This Section does not prevent you from bringing your dispute to the attention of any federal, state, or local government agencies that can, if the law allows, seek relief from us for you.

Additionally, full reimbursement of arbitration costs is not available for those who seek rewards of $10,000 or more.

If you seek $10,000 or less, Valve agrees to reimburse your filing fee and your share of the arbitration costs, including your share of arbitrator compensation, at the conclusion of the proceeding, unless the arbitrator determines your claims are frivolous or costs are unreasonable as determined by the arbitrator. Valve agrees not to seek its attorneys’ fees or costs in arbitration unless the arbitrator determines your claims are frivolous or costs are unreasonable as determined by the arbitrator. If you seek more than $10,000, the arbitration costs, including arbitrator compensation, will be split between you and Valve according to the AAA Commercial Arbitration Rules and the AAA’s Supplementary Procedures for Consumer Related Disputes, if applicable.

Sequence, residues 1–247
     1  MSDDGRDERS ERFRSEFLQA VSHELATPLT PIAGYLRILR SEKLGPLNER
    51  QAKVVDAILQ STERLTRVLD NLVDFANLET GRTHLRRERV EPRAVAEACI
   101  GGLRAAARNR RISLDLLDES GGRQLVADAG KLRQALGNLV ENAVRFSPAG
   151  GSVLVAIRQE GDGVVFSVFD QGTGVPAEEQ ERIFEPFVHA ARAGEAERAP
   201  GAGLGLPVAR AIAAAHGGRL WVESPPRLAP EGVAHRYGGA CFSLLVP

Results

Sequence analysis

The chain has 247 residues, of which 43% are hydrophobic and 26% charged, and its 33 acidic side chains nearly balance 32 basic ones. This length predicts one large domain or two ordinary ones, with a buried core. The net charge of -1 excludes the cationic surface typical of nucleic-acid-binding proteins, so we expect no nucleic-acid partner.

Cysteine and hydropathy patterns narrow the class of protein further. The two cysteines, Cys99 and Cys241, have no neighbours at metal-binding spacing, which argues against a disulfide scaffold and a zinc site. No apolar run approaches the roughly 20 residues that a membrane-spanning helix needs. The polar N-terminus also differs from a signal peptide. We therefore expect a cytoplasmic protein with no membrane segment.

Individuals will be prompted to accept the agreement when they log into Steam for the first time after the update.


Analysis: Under the Federal Arbitration Act, Valve does have the ability to preclude class action lawsuits. Here’s Section 2 of this very interesting law:

A written provision in any maritime transaction or a contract evidencing a transaction involving commerce to settle by arbitration a controversy thereafter arising out of such contract or transaction, or the refusal to perform the whole or any part thereof, or an agreement in writing to submit to arbitration an existing controversy arising out of such a contract, transaction, or refusal, shall be valid, irrevocable, and enforceable, save upon such grounds as exist at law or in equity for the revocation of any contract.